The configuration file for up2date is located in
/etc/sysconfig/rhn/up2date. It is a simple ASCII
text file, and the format is a simple key=value type, with no more than one
key/value pair per line.
If you work working with clients using Red Hat Linux 7.3 or earlier
you will need to modify /etc/sysconfig/rhn/rhn_register
as well. It contains similar information to the up2date
configuration file. This same modifications you make
to the up2date configuration file need to be made
here as well.
There are three lines in this file we are concerned about. The first one we
will cover deals with the certificate file generated by the user of Current
when first initializing the server. The default setting, as shipped by Red Hat
For our discussion, we will assume you have already places the certificate file
on the client system as discussed above, and given it the name
CURRENT-CA-CERT. To use that file, simply change the line
above to read:
The other two lines we are concerned about are the lines giving the location of
both the SSL and non-SSL server(s) from which to actually retrieve package
information and actual packages. Those two lines, as shipped by Red Hat, are:
for the SSL server, and
for the non-SSL server. The portion you will need to modify is the hostname
portion of the URLs; if you modify the
/XMLRPC portion of the URLs, neither
rhn_register nor up2date will work with
your Current server. For my testing purposes, which involves using the same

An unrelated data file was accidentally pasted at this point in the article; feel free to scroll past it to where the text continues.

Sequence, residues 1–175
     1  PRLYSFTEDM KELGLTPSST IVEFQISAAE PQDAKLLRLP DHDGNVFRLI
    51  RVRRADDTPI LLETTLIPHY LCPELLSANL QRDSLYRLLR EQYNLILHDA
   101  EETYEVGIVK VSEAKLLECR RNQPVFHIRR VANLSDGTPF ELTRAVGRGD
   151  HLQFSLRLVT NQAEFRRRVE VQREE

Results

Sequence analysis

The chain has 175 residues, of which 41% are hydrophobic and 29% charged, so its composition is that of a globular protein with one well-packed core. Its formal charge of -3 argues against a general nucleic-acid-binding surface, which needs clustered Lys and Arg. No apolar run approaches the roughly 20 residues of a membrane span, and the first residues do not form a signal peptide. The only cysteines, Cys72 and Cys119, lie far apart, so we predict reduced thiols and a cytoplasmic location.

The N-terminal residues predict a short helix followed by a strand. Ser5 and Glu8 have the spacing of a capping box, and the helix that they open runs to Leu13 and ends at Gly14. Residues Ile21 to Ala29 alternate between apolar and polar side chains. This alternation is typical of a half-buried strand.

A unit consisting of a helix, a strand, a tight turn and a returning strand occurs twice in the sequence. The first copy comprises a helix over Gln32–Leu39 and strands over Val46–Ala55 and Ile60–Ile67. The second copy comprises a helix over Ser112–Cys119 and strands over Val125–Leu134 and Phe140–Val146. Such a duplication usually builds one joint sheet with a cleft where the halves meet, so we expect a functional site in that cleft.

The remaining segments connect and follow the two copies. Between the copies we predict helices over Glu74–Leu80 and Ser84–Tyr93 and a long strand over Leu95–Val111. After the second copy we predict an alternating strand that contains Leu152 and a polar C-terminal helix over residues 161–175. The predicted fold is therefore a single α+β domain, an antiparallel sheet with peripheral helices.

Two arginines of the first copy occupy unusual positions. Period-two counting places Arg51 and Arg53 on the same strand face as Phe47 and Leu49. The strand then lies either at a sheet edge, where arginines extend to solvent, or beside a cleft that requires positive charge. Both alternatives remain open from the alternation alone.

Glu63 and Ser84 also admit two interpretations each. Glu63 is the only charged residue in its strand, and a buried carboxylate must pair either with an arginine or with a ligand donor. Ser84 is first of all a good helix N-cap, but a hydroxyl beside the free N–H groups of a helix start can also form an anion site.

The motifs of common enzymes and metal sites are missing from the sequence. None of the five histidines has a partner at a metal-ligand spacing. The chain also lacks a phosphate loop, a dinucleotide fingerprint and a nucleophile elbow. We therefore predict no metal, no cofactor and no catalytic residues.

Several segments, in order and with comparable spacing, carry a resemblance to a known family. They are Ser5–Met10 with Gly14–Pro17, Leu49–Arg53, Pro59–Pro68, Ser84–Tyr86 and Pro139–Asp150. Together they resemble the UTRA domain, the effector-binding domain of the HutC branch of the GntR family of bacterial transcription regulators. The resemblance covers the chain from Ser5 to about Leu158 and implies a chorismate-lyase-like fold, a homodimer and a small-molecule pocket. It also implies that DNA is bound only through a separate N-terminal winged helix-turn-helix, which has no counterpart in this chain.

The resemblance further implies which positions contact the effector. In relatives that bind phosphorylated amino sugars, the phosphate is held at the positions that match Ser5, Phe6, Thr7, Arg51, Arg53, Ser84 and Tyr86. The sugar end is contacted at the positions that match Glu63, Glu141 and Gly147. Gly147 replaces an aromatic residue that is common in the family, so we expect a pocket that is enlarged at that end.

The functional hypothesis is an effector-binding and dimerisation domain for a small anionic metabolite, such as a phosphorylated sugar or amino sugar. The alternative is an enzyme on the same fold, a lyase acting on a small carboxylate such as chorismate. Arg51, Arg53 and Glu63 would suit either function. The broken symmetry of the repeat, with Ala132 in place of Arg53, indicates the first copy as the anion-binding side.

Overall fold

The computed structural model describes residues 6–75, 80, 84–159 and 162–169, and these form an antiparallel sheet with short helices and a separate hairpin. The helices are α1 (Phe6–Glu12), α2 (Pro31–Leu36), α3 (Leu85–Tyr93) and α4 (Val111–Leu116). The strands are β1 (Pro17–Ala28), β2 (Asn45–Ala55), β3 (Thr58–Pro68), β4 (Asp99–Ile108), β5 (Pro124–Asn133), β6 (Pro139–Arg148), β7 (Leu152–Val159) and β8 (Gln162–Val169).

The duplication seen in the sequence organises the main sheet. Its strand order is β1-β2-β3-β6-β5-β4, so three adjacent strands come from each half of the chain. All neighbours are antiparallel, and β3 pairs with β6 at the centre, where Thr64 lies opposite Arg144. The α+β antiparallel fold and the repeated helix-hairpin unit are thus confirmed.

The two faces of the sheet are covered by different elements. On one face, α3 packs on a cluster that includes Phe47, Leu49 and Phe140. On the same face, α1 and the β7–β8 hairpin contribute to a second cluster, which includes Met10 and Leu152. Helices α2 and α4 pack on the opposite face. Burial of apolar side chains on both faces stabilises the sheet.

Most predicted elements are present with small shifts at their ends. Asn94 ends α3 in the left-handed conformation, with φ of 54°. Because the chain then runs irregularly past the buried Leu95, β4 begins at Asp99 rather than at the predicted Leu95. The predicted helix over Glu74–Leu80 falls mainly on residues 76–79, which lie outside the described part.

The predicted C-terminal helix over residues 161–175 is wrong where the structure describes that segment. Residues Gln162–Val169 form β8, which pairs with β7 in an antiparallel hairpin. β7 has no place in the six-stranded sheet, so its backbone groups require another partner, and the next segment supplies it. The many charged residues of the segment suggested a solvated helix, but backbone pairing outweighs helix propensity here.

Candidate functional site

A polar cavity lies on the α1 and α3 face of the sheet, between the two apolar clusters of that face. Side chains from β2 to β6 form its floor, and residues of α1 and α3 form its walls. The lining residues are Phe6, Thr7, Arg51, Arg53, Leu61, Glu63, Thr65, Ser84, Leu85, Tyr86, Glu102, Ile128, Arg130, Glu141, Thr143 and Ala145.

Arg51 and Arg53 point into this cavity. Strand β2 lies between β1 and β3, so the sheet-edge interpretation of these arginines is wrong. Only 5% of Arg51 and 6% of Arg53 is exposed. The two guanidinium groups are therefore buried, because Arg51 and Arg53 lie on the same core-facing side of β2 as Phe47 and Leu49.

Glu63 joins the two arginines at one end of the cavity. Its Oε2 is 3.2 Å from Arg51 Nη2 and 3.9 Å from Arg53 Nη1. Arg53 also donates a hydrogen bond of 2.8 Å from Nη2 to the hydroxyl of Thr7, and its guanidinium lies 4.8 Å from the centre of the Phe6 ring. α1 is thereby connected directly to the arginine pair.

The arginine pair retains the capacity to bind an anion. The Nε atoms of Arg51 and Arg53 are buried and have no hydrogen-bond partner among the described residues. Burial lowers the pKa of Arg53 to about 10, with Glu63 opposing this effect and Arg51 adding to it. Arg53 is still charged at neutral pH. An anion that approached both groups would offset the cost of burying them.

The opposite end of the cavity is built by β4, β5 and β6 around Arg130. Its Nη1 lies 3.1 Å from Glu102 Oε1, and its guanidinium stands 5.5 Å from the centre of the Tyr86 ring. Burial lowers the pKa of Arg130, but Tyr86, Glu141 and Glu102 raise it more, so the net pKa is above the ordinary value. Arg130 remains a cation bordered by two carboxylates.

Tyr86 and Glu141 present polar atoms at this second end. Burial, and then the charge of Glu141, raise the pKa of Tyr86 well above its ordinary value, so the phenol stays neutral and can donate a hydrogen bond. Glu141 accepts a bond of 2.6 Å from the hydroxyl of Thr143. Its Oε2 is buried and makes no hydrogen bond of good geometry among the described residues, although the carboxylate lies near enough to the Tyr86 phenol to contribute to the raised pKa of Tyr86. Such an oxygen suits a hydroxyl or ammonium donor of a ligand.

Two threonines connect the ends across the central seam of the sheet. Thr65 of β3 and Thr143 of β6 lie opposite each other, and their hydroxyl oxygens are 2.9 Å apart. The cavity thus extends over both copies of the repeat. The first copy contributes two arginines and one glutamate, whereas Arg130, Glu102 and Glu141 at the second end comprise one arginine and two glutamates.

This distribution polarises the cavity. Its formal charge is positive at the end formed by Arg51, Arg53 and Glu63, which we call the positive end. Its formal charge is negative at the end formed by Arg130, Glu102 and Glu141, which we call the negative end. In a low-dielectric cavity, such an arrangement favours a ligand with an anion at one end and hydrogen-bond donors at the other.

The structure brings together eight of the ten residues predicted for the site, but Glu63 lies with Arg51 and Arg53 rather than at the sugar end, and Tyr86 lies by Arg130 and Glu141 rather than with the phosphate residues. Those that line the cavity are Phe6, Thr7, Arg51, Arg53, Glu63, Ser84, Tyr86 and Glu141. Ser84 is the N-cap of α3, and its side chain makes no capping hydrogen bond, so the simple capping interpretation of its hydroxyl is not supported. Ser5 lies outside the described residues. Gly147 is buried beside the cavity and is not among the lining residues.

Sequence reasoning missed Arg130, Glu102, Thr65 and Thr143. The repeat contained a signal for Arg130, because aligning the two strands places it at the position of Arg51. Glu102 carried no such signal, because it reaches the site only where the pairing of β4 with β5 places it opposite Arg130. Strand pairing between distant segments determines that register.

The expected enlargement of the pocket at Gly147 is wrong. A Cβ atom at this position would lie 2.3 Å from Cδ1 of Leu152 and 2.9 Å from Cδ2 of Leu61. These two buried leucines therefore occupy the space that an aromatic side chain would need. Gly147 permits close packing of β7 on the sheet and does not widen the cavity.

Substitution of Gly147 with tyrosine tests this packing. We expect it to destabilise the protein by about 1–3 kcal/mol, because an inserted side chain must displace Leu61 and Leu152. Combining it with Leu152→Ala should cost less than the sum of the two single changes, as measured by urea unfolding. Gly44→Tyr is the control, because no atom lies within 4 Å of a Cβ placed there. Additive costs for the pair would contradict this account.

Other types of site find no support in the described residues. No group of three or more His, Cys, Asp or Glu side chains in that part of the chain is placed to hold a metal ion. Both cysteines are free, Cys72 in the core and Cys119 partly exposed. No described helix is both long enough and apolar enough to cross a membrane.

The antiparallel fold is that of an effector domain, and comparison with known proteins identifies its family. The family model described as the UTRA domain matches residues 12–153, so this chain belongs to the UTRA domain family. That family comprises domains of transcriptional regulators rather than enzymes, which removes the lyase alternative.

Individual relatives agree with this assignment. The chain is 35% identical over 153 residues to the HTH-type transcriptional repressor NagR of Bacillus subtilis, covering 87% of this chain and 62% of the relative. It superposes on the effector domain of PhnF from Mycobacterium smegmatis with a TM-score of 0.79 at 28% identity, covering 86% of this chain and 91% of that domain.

machine as both client and server, those lines appear in my configuration file
The next line of concern in the up2date configuration
file is not critical to normal operations, but needs to be mentioned for those
security-conscious individuals who use GPG to sign custom or modified packages.
In the default Red Hat configuration, there is a line:
which tells the up2date client where to find the GPG key to
use to verify package signatures. If you wish to use GPG signature
verification on the clients, you must either change this line to reflect the
location of the GPG key used to sign the packages (after putting that key into
a key ring on the client, of course), or you must add that key to the key ring
in the file specified.
Please note that if you choose to GPG sign your packages, you must use one of
the two above methods to allow signature checking; a recent change to RPM now
requires a signature check to pass if there is a GPG signature on the package.
This is not a behavior of Current or of up2date, but is
a behavior of RPM itself.